• Allergy Testing – There are different allergy tests out there, and many vets don’t really seem to want to do these tests because they are not 100% accurate and can produce false positives and negatives. Depending on the type of test will depend on the accuracy. In my personal opinion, it is better to know something than to know nothing at all. Keep in mind that some of your test results may not be perfect, at least it will give you an idea of the allergens that are clearly effecting your pet. There is usually a scale that comes with the testing, saying which are ‘borderline’ and which are ‘severe.’
  • It is also important to know that if you get allergy testing done before they are over 1 year old, you really should get another test done after one year. It takes a full year of life to develop antibodies that fight allergens, and their bodies must be exposed to different allergens of all the four seasons.
  • NuVet Plus Supplement – Nuvet has pages and pages of testimonials regarding how it has saved their pet from a lifetime of allergy problems, tear stains, lethargy, itching, ect. NuVet Plus is an immune system booster and will help not only with allergies but many other health problems.
  • Allergy Shots – Allergy shots can be specially produced according to what your allergy test above reveals. You are trying to build up an immunity to what they are allergic to specifically, but this is a slow process and you may not see any results for a full year. This is no miracle cure, but it is worth the time and effort for the possibility of some relief.
  • Cyclosporine/Atopica – Cyclosporine should be a last ditch effort to allergy treatments. There are many noted side effects, but this has also been the ‘wonder drug’ for many pets with severe allergies.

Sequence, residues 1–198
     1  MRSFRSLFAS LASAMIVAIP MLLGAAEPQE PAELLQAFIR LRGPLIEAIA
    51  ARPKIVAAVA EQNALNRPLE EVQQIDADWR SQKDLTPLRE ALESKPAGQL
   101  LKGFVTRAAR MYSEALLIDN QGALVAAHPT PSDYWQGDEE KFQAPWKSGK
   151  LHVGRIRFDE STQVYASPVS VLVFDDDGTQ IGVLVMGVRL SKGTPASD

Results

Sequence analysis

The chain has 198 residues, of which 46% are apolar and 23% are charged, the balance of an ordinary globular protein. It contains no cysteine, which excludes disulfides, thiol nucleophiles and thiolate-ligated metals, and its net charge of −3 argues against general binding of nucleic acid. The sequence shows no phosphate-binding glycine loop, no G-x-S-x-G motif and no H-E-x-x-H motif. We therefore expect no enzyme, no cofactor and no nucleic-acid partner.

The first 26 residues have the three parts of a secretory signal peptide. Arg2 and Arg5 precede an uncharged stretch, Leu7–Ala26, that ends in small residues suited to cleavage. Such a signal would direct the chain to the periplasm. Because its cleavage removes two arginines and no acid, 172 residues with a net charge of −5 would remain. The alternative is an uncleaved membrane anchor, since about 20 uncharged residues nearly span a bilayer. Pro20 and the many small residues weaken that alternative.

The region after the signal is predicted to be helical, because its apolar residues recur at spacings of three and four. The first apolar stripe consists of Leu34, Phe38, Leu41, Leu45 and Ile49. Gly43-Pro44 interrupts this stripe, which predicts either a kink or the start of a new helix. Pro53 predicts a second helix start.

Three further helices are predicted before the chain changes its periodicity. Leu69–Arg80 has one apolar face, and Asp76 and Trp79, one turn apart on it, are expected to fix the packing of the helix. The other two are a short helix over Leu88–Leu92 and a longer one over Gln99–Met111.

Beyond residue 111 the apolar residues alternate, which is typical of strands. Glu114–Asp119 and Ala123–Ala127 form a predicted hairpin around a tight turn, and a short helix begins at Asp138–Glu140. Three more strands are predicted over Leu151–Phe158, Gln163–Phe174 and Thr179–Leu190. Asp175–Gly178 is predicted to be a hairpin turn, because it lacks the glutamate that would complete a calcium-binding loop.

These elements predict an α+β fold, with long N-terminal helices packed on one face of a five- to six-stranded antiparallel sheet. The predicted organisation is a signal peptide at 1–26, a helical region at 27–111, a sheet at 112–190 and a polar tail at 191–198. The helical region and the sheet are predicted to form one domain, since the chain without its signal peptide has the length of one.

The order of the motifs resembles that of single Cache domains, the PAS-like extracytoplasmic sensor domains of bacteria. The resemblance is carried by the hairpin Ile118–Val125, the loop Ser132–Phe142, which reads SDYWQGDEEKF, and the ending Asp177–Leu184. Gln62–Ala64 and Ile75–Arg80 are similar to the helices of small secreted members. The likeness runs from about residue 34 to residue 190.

• Natural Remedies – There are many natural remedy choices for helping with allergies. These are not as broadly used because Veterinarians don’t sell or market them. One that was discussed recently on our forum is worth trying, it’s called “Yucca Intensive.” Yucca Intensive is an outstanding, safe, all-natural supplement that is given for a number of reasons, including the joints, skin, and digestion. Yucca is a purified extract derived from the Yucca plant, which is thought to promote symptom relief similar to steroid medications with none of the side effects.
  • Daily Antihistamine – Besides over the counter Benadryl, there are many other daily allergy medications. Zyrtec, Claritin, Hydroxyzine, and many more. Pets react differently to different antihistamines so you may have to try a few out to find out which works best for your Frenchie.
  • “Prescription Diet” – In some cases, prescription diets can help. For most Frenchies however, this should be something you turn and run from in the other direction as fast as you can! These diets are full of bad ingredients and are not good for the long term life of your pet.There are so many high quality diets and limited ingredient diets out there that are made by good companies with excellent ingredients — for the same price per pound, if not less. There’s also the option of home cooking and/or feeding a raw diet.
  • TREATING COMMON ALLERGY FLARE UPSYEAST & BACTERIA – Yeast is a Frenchie owner’s worst enemy! Many Frenchies may be diagnosed by a Veterinarian of having allergy problems, when they actually have a yeast infection. Yeast infections are commonly caused by allergies, they seem to go hand-in-hand in most cases, especially in Frenchies. If yeast makes its way into your pet’s ears, wrinkles, tail pocket, vaginal fold, nose ropes, or any other warm cozy and moist areas, it can grow and spread quickly.
  • So what does yeast look like? Well, that is a difficult answer. Many Frenchie owners may describe it as a dark brown-reddish substance. However, a culture of that “substance” may bring back different forms of bacteria and fungus, as it is not likely that it is only yeast overgrowth. Us Frenchie owners know it looks bad, smells awful, and itches. Unless you get a culture done at your vet you will not knowexactly what you are dealing with. This is why it is a good idea to treat and maintain with products that kill both fungus and bacteria.